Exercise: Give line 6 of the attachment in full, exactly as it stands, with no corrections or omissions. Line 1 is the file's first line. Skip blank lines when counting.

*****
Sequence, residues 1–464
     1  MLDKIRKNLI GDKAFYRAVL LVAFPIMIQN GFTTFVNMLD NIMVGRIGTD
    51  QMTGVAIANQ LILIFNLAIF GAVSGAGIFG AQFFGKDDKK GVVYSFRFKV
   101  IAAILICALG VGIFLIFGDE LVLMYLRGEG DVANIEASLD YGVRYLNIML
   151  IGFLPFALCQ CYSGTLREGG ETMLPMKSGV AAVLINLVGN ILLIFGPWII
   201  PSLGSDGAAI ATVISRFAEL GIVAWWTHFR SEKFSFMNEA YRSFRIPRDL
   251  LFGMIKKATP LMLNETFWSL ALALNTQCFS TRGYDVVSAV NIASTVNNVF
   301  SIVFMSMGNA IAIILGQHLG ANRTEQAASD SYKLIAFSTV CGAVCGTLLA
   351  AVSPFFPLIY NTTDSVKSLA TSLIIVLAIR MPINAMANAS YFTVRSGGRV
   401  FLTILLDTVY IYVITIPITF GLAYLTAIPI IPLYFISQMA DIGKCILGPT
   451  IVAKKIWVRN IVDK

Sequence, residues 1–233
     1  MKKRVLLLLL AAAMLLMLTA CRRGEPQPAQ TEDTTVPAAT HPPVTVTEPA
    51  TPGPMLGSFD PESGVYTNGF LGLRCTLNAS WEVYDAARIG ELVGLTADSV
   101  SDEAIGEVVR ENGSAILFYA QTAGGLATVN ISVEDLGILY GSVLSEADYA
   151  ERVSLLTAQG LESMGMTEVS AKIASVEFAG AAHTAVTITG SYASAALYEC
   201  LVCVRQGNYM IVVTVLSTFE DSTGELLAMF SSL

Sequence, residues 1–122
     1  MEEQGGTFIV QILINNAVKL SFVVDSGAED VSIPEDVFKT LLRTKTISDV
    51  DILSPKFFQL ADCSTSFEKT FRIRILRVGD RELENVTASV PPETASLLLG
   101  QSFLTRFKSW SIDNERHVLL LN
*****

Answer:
   201  PSLGSDGAAI ATVISRFAEL GIVAWWTHFR SEKFSFMNEA YRSFRIPRDL